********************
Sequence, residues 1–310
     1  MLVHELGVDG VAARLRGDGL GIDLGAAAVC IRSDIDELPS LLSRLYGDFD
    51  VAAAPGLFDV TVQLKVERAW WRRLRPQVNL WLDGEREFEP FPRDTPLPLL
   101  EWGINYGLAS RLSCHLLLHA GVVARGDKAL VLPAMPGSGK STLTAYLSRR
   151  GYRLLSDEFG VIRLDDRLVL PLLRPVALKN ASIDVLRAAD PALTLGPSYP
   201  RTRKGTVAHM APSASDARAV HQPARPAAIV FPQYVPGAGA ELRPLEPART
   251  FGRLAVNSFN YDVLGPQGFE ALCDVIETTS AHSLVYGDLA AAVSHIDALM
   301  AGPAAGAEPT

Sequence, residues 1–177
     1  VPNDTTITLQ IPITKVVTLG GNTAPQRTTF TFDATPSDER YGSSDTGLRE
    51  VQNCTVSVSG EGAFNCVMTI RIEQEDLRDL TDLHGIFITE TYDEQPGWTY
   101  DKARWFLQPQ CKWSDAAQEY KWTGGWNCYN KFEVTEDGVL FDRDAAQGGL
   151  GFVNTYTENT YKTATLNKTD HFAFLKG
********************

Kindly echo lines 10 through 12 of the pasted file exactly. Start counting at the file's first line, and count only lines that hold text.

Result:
     1  VPNDTTITLQ IPITKVVTLG GNTAPQRTTF TFDATPSDER YGSSDTGLRE
    51  VQNCTVSVSG EGAFNCVMTI RIEQEDLRDL TDLHGIFITE TYDEQPGWTY
   101  DKARWFLQPQ CKWSDAAQEY KWTGGWNCYN KFEVTEDGVL FDRDAAQGGL